dayoutlast is a record of my direct engagement with mostly contemporary art, mostly Los Angelean.

As this blog has evolved since its 2010 inception, so has my perspective. What I once perceived as central within the investigation was what was central, literally, within the photographic frame that I shared here. While still an important consideration, such thinking has also given way to more peripheral considerations, ones also accompanied occasionally by text (written manifestation of thought) and the oscillations between them. What's missing here are larger unknowns surrounding issues of presentation and representation; the amount of time and space it actually takes to accomplish such first-hand observations; and the quandaries between documentation and interpretation.

Despite my attempt to communicate here with image and text what is essential in some respect about the artwork, neither representation should ever be considered a substitution for the primary viewing experience. Of course, occasionally there are exceptions.

Most of the time, these posts are merely remnants---residual fragments---from my last day out.

Saturday, September 13, 2014

Min Song "Tromp L'oeil Depression" @ Young Art


Dubious Landscape, 2014
vinyl composition tiles, digital print on PVC vinyl
 23 3/4 x 17 3/4 x 17 3/4 inches, 48 x 49 1/2 inches







Country Pate in Black Aspic, 2014
vinyl composition tiles, digital print on PVC vinyl
23 x 19 1/4 x 19 1/4, 54 x 58 inches



Topiary with Horizon, 2014
vinyl composition tiles, digital print on PVC vinyl
24 1/4 inches x 24 1/4 inches x 24 1/4 inches, 48 x 48 inches





Humid Gardens (I) and Humid Gardens (II),  2014
vinyl composition tiles, digital print on PVC vinyl
30 1/4 x 10 3/4 x 10 3/4 inches each, 54 x 48 x 75 inches each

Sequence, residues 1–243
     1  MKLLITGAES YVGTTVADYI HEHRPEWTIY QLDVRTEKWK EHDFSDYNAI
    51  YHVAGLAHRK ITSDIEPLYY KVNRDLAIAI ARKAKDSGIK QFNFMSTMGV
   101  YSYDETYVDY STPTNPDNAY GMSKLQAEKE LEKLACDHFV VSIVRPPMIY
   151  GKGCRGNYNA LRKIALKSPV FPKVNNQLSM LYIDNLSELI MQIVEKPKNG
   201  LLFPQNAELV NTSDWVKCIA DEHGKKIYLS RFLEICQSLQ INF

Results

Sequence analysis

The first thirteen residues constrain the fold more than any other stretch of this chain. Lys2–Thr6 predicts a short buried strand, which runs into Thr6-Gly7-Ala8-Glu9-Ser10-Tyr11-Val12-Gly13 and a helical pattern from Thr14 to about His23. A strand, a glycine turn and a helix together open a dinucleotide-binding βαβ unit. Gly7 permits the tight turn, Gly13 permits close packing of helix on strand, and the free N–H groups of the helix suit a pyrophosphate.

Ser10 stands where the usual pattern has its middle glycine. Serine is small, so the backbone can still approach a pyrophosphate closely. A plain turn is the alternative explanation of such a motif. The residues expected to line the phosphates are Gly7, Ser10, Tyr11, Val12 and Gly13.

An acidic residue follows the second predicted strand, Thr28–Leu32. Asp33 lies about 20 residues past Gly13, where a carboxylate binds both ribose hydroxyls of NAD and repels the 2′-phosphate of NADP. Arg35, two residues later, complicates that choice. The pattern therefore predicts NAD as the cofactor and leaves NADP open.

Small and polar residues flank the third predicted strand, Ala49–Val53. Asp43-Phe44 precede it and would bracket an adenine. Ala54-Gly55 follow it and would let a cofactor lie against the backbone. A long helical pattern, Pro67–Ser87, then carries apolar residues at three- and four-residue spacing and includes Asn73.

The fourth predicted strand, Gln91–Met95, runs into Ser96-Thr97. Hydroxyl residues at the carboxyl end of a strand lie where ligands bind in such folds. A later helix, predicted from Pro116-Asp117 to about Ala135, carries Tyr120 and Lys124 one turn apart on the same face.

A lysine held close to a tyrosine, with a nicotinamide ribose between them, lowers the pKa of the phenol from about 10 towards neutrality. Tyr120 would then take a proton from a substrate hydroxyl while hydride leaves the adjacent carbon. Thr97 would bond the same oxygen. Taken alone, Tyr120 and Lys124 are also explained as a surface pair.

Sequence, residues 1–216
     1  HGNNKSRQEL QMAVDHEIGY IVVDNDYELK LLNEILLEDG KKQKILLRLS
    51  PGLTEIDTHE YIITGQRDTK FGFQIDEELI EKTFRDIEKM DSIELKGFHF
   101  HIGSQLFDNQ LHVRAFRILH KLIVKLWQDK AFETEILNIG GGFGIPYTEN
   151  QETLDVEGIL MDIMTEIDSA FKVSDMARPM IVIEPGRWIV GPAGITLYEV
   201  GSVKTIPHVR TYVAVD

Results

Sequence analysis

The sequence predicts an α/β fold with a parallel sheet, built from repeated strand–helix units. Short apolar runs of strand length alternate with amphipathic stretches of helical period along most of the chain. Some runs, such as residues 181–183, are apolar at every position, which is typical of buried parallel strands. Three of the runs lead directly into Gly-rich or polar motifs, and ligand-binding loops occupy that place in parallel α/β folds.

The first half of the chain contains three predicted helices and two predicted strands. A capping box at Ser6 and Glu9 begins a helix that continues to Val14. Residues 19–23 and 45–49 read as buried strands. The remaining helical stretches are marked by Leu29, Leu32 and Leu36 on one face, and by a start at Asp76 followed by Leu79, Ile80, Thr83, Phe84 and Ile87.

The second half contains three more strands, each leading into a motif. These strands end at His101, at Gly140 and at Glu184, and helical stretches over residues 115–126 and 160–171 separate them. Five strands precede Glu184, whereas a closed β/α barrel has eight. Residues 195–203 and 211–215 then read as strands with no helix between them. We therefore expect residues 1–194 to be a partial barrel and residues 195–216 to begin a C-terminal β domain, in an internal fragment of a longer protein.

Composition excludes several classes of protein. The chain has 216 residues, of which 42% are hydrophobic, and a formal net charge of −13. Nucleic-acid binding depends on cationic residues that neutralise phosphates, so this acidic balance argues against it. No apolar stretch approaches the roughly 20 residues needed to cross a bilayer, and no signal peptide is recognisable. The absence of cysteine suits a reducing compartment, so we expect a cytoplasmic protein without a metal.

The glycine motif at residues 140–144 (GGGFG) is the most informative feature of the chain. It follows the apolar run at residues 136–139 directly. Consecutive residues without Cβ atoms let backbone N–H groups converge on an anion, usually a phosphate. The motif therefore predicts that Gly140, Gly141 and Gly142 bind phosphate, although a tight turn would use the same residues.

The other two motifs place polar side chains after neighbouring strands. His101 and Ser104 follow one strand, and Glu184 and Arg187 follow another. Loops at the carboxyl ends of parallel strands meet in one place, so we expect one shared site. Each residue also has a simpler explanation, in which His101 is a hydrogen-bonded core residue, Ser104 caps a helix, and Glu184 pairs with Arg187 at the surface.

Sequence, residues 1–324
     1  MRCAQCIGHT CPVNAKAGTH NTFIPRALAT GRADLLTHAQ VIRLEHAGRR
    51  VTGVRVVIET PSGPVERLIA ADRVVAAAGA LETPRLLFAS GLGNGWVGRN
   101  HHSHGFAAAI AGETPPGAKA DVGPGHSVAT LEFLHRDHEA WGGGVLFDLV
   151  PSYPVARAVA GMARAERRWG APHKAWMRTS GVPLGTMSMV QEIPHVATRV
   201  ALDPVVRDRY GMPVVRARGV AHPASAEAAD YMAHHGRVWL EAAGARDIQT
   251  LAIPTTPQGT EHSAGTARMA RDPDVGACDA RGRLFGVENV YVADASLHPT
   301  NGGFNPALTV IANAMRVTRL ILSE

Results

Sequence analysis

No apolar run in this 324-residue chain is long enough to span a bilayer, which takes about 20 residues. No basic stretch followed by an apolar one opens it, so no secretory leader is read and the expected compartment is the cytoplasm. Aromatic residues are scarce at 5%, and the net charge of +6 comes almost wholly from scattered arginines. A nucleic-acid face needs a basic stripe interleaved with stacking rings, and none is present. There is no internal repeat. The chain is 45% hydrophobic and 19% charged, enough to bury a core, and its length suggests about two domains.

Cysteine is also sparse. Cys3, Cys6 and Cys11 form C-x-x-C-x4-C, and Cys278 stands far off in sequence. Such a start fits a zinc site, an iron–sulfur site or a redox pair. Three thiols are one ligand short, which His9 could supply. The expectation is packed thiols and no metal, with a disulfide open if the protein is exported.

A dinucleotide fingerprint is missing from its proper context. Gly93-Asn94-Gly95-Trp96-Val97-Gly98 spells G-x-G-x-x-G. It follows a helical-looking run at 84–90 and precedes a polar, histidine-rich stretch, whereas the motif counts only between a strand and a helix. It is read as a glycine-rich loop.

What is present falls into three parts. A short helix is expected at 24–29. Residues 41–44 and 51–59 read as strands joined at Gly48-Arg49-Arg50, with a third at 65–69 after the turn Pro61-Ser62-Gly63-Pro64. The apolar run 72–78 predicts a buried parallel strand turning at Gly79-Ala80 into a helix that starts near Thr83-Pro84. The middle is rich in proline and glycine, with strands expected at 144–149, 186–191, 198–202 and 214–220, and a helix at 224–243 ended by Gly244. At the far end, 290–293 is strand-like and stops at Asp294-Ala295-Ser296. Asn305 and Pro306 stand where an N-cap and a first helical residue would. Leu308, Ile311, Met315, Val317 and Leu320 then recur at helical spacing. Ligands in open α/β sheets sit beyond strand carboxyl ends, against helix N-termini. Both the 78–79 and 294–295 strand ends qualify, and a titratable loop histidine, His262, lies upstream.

Country Pate in Black Aspic, 2014
vinyl composition tiles, digital print on PVC vinyl
23 x 19 1/4 x 19 1/4, 54 x 58 inches



Sol Lewitt and Carl Andre sprang instantly to mind when viewing this work in terms of depth and all manner of questions about the floor and whether the work was to be walked upon or walked around.  If the latter, then the exhibition becomes a very cramped one where viewing discrete works becomes nearly impossible due to volume of exhibition space in relation to scale of objects to be considered.

With the art historical and viewing concerns momentarily set aside, it was enjoyable to walk among the work and consider the multiple perspectives and the kinds of surprises around every corner (at least in terms of color and shape). I wasn't sold on the material choices (vinyl floor tiles out of the box that conjure various institutions also outside of the Art context such as hospitals, schools, generic office spaces, etc...). Rather than transforming the materials in some way physically/chemically, for example, they relied on juxtapositions that recalled collage and cubism (not a bad place to go all things considered actually) but without the integral layering and visual simultaneity that would come with such a view. I suppose if I were on a ladder, I could have found such a synthesis.  Instead, for one of my shots, I held the camera overhead to achieve about the same thing.  It's the fourth one from the top and the one I like the best.  It emphasizes the play at the frame between "object" and space.  I suppose, come to think of it, they were all doing this in different ways.

Thus, with initial thoughts and titles in mind, the work was less about structural systems and material sensation, per se, and more about metaphorical relationships between nature and culture, very generally, remote edenic landscapes more specifically.  How this was synthesizing was less clear, though such a disconnect between industrially processed materials and places from whence they may have, ultimately, originated was worth thinking about.